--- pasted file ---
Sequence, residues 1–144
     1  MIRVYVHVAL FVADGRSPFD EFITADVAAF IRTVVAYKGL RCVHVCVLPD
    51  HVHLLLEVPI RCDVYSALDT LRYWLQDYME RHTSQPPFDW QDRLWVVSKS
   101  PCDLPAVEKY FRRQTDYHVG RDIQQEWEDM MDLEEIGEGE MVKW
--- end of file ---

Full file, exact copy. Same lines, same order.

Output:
Sequence, residues 1–144
     1  MIRVYVHVAL FVADGRSPFD EFITADVAAF IRTVVAYKGL RCVHVCVLPD
    51  HVHLLLEVPI RCDVYSALDT LRYWLQDYME RHTSQPPFDW QDRLWVVSKS
   101  PCDLPAVEKY FRRQTDYHVG RDIQQEWEDM MDLEEIGEGE MVKW